I’m sure you know that to lose weight you need to eat a healthy diet and exercise. But is it all you have to do? Did you know that a good night's sleep helps burn extra 300-500 calories? Your mind might be resting, but your body is working hard digesting food, repairing cells, and maintaining body temperature.
Also, a recent weight-loss study found that participants sleeping on average 8.5 hours of sleep per night burned more fat, while those getting only 5.5 hours burned muscle while accumulating fat. If you sleep less than 7 hours and often wake up during the night, you experience less REM sleep, a stage of sleep when you dream, and the brain is resting. Did you know that dreams burn calories? It’s a stunning revelation! We burn more calories during the REM stage, which is the deepest of all 4 sleep stages.
Also, your endocrine system is affected by the lack of sleep. Your hormones get out of control. Leptin, your satiety hormone, is falling while ghrelin, your hunger hormone, is increasing.
The stress hormone cortisol skyrockets when you undersleep, and this can also increase your appetite. You'll crave foods that give you a boost of serotonin, things like chocolate and other sweet treats.
Don’t go to bed on an empty stomach
Your body is still working on digestion while you sleep, so eating at night should not be a major cause of weight gain. The drawback of overeating food is that it could disrupt your sleep. Sugar, caffeine, greasy foods, and carbs could keep you up with problems like heartburn. If the last time you ate was 3 pm and now it’s 9 pm, you’re starving, your mind won’t relax and you won’t be able to fall asleep fast. You might also wake up craving a bigger breakfast or unhealthy foods, and your appetite and cravings might be increased throughout the day. So, a healthy snack isn't a bad idea.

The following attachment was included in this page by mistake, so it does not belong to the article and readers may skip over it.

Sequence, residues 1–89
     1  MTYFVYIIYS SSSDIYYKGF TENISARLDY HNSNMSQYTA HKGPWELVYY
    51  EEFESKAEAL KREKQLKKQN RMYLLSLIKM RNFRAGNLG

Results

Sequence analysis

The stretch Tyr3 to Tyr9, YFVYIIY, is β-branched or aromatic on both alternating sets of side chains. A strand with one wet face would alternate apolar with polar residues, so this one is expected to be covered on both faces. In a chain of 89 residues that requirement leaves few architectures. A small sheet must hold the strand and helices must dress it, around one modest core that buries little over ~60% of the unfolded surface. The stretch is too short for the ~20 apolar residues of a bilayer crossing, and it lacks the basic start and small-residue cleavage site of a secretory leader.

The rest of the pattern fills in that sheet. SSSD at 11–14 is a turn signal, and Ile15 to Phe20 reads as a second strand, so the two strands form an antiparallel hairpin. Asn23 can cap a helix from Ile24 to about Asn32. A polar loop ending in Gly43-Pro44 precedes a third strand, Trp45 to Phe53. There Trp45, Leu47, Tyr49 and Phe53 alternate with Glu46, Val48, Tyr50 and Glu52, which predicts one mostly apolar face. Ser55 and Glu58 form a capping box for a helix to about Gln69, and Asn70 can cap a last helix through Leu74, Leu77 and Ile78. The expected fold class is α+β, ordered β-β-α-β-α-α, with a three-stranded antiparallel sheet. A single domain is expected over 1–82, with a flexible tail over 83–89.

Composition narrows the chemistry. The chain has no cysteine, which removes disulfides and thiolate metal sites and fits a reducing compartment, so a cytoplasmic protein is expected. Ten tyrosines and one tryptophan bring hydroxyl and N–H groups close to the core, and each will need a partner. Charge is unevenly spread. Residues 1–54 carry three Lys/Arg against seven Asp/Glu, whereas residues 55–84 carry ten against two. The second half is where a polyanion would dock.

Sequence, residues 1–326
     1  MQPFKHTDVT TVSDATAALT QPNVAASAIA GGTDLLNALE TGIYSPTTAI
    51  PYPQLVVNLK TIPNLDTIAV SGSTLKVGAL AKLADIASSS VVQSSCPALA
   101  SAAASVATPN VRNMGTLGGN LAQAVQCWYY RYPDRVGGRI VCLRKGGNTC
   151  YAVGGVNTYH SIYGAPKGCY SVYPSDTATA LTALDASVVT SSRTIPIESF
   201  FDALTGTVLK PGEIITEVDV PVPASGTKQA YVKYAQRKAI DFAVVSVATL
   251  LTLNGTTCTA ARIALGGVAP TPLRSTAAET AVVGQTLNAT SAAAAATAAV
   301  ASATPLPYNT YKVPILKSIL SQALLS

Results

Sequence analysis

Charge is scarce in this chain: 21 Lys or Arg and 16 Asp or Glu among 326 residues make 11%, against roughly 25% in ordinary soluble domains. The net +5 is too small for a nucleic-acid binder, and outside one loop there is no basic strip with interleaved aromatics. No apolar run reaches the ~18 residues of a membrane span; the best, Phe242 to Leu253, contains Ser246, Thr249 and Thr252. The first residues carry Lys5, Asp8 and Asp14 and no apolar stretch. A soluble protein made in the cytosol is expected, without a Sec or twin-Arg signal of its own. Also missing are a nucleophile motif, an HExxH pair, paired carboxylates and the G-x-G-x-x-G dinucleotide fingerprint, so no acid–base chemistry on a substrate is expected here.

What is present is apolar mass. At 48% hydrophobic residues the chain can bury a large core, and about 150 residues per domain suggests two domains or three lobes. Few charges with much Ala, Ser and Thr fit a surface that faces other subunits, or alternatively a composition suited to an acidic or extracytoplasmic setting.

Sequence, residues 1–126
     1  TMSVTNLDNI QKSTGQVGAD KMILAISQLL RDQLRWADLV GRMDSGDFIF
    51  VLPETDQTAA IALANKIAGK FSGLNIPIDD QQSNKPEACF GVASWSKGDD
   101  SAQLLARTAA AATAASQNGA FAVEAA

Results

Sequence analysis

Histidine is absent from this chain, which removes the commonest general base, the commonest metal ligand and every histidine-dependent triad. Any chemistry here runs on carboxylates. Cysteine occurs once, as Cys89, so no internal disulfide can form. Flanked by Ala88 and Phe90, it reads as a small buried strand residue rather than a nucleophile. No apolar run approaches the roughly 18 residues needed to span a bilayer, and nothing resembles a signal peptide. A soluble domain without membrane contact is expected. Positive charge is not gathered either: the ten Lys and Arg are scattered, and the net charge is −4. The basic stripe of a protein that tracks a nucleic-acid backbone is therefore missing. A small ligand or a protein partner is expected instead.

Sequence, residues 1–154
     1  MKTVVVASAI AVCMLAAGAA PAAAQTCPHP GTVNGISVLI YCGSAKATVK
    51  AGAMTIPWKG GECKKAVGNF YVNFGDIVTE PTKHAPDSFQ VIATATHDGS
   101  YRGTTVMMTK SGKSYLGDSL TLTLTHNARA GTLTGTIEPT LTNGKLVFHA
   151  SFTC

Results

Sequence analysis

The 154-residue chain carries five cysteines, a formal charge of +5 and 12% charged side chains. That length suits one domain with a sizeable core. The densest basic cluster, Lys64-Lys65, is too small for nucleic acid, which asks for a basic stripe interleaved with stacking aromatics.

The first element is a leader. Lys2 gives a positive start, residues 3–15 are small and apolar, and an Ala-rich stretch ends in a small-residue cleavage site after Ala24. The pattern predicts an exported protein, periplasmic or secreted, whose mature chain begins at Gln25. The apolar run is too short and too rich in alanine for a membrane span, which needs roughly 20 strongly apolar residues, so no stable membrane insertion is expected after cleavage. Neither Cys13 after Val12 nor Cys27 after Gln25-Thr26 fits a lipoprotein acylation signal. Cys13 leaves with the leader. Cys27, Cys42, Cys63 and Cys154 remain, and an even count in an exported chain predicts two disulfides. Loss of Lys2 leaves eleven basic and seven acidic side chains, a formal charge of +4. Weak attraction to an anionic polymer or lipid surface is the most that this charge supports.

Have a dinner rich in the following minerals and foods, which produce certain hormones
Melatonin is a hormone that is produced at night, signaling to the body that it’s time to wind down. Melatonin is also naturally present in:
- Tart cherries, asparagus, tomatoes, pomegranate, olives, grapes, broccoli, cucumber
- Grains (rice, barley, rolled oats)
- Nuts and Seeds (walnuts, sunflower seeds, mustard seeds, flaxseed)
Tryptophan, an amino acid found in a variety of meats, nuts, seeds, and dairy products. It increases serotonin levels in the body, and serotonin is a precursor of melatonin.
Magnesium is a mineral that doesn’t occur naturally in the body, so you need to get in from food. Magnesium deficiency can lead to symptoms of insomnia and restless sleep. Go for leafy greens, broccoli, bananas, avocado, legumes, dark chocolate, seafood, and whole grains.
Also, a good trick to calm your hunger before bedtime is to drink herbal teas, warm milk with cinnamon and unsweetened cocoa, rich in tryptophan.
Girl, don’t go to bed hungry but also don’t eat the food, which disrupts your sleep quality. Keep in mind that a key to a successful weight loss is a holistic approach, which includes diet, exercise, sleep, and mental calmness.